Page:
Actinomycetes are filamentous, branching gram positive bacteria witha fungal type morphology which are potent source for the production of novel antibiotics accounts for more than 50% of the known antibiotics discovered till date and date important in the field of pharmaceutical industries as well as in agriculture. ThermophilicActinomycetes are one of the most widely widelydistributed group of gram positive , mainly aerobic filamentous bacteria present in compost, peat, hot spring etc. Actinobacteria are widely distributed in both terrestrial and aquatic ecosystems, mainly in oil, where they plant an essential role in recycling refractory biomaterials by decompositing complex mixtures of polymer in dead plants, animals and fungal materials.

They are also very important in soil biodegradation and humus formation as they recycle the nutrients associated with recalcitrant polymers  such as chitin, keratin and lignocellulose, this produces several volatile substances like geosmin responsible or the characteristic wet earth odour and exhibit diverse physiological and metabolic properties for example the manufacture of extracellular enzymes (StachandBull 2005).Antibiotics are the best known products of Actinomycetesfor their virtual success against pathogenic Microorganisnms antibiotics can truly be referred as the ‘wonder drugs’ (Demian, 1999)

Actinomycetes are widely distributed in both terrestrial and aquatic ecosystems mainly in soil, where they play an essential role in recycling refractory biomaterials by decomposing complex mixtures of polymers in dead plants, animals and fungal materials. They are also important in soil biodegradation and humus formation as they recycle the nutrients associated with recalcitrant polymers such as chitin, keratin and lignocelluloses (Stach and Bull 2005).This produces several volatile substances like geosmin responsible for the characteristic wet earth odour and exhibit diverse physiological and metabolic properties, for example the manufacture of extracellular enzymes.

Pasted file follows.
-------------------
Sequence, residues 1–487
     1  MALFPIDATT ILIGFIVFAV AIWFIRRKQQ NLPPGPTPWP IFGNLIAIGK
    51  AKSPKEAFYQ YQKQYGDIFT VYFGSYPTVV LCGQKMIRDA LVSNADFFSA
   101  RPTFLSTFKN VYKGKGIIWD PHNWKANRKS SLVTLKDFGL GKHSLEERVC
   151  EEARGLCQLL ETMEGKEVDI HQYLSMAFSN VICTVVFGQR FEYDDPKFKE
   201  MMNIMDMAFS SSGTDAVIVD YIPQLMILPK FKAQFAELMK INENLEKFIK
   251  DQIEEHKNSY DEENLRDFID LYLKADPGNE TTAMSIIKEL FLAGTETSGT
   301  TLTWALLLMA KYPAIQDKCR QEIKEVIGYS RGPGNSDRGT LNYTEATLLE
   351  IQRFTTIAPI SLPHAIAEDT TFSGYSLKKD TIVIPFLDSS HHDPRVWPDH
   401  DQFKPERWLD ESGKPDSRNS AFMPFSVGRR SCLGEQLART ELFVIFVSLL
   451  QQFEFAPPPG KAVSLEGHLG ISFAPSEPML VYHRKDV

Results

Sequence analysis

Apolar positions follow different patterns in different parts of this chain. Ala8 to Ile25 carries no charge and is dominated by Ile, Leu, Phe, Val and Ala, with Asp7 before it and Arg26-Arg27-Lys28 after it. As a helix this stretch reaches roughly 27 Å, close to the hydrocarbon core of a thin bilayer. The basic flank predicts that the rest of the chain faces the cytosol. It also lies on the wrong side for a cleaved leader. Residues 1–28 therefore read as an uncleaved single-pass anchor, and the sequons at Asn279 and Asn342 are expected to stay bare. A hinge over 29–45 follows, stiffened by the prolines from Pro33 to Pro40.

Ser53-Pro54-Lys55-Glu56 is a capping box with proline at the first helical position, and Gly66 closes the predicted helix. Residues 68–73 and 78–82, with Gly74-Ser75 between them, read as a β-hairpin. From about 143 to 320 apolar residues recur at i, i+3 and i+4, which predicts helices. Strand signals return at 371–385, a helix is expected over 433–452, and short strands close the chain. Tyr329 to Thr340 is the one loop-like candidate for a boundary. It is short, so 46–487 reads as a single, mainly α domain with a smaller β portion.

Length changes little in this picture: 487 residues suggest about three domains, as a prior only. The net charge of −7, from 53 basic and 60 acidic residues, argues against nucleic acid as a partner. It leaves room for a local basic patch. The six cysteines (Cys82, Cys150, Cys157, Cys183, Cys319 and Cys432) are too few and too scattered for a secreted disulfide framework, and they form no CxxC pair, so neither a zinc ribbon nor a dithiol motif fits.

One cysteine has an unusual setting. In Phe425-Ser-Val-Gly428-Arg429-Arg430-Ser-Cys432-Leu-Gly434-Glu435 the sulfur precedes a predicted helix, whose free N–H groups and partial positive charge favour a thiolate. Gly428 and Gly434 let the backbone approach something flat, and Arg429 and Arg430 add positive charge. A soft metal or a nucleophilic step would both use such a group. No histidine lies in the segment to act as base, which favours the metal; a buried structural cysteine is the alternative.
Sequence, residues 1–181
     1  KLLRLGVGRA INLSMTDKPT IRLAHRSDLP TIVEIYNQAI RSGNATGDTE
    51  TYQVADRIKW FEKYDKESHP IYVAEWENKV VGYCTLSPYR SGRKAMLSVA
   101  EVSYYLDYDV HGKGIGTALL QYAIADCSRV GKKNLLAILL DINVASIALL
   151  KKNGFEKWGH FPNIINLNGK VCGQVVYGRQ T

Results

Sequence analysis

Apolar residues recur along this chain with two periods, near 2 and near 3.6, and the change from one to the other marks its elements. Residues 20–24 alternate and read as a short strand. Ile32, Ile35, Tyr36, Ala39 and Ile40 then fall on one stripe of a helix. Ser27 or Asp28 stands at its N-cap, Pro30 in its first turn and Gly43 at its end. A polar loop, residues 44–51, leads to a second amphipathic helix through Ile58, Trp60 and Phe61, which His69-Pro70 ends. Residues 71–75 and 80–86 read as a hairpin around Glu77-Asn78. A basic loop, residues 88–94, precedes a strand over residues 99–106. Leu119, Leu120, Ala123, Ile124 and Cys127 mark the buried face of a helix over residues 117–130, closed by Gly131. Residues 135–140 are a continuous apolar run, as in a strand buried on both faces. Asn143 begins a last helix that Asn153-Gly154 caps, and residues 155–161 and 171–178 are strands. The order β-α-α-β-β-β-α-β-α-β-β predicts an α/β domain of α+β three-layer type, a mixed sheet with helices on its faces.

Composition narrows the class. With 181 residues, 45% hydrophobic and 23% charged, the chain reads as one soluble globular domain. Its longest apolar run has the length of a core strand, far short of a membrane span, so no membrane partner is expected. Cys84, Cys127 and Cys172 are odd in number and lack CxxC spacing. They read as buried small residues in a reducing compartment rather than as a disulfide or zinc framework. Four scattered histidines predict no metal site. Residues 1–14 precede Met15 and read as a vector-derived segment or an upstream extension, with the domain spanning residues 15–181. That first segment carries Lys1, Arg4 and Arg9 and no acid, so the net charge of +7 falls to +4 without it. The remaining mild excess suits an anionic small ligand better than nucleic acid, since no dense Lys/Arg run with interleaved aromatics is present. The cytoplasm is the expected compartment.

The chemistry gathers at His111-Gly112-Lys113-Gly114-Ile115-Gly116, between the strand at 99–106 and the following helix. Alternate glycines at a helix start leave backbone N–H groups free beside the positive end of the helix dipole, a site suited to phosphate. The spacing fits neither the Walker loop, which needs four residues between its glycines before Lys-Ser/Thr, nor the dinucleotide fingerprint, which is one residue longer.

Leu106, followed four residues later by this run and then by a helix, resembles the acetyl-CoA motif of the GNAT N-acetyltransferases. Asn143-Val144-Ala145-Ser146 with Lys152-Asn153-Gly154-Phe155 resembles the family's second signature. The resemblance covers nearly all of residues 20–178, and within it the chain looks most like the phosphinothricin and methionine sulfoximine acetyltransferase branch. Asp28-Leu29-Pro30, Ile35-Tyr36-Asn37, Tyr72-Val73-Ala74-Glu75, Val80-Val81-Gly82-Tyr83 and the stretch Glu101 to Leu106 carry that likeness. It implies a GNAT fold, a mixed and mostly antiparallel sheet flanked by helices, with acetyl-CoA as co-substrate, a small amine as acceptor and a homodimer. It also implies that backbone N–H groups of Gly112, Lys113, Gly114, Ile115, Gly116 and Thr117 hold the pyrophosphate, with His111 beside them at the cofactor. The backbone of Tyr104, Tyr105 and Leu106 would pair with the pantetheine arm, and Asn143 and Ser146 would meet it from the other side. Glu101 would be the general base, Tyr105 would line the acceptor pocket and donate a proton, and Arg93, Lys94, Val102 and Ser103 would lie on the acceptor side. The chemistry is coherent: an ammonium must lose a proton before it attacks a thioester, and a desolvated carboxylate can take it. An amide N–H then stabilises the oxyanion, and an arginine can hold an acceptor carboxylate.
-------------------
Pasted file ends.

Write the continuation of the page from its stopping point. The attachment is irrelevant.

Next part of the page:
Actinomyces contribute to around 70% of the source of antibiotics and also produce numerous non-antibiotics bioactive metabolites, such as enzymes, enzyme inhibitors, immunological regulators, anti-oxidation reagents. They are very hardy with respect to their moisture nutritional requirement but cannot withstand lower moisture dampness (Chavan et al., 2013). Streptomyces is the largest genus of Actinobacteria and the type genus of the family Streptomyceace. Found predominantly in soil and decaying vegetation, mainly Streptomyces produce spores and are noted for their distinct earthly odor which results from production of a volatile metabolites, geosmin. Streptomyces are characterized by a complex secondary metabolism. Actinomyces are considered to be microbiological curiosities of no great economic importance, have become the subjects of intensive searches for sources of new, biologically active compounds. Actinomycetes are dominantly present in soil but also ubiquitous in the natural habitats which facilitates a new hope that diverse group of Actinomycetes can be isolated in search of novel metabolites. Marine environments were recently found to be one of the important sources for the isolation of new Actinomyctes with potentiality to produce chemically diverse compounds with a wide range of biological activities (Bredholt et al., 2008).

Habitat of Actinomycetes

Actinomycetes constitute a significant component of the microbial population in most soils. It has been estimated that counts of Actinomycetes over 1 million per gram are commonly obtained. Over twenty genera have been isolated from soil, 95% isolates belonged to Streptomyces. Environmental factors influence the type and population of Actinomycetes in soil. Most Actinomycetes isolates behave as neutrophiles in culture, with a growth range from pH 5.0 to 9.0 and an optimium pH around 7.0. The pH is a major environmental factor determining the distribution and activity of soil Actinomycetes. Neutrophiles occur in less number in acidic soils below pH 5.0, whereas acidophilic and acidoduricStreptomycetes are numerous in acidic soils. However, there are few reports of to 9.5 was isolated from soil near a salt lake. Most Actinomycetes behave as mesophiles in the laboratory, with optimum growth temperatures at temperature at 25 to 30o. Many mesophilicactinomycetes are active in compost (Chavan et al., 2013).